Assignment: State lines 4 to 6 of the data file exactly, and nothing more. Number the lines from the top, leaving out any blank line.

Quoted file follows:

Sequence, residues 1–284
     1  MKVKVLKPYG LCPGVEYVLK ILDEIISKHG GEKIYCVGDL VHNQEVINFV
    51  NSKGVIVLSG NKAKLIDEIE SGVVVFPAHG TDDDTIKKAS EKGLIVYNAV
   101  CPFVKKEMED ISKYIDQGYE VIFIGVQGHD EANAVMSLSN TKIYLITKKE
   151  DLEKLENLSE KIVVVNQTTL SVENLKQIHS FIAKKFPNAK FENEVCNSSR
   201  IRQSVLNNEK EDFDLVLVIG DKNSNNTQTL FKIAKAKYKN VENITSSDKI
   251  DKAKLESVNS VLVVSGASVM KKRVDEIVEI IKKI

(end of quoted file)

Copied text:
   101  CPFVKKEMED ISKYIDQGYE VIFIGVQGHD EANAVMSLSN TKIYLITKKE
   151  DLEKLENLSE KIVVVNQTTL SVENLKQIHS FIAKKFPNAK FENEVCNSSR
   201  IRQSVLNNEK EDFDLVLVIG DKNSNNTQTL FKIAKAKYKN VENITSSDKI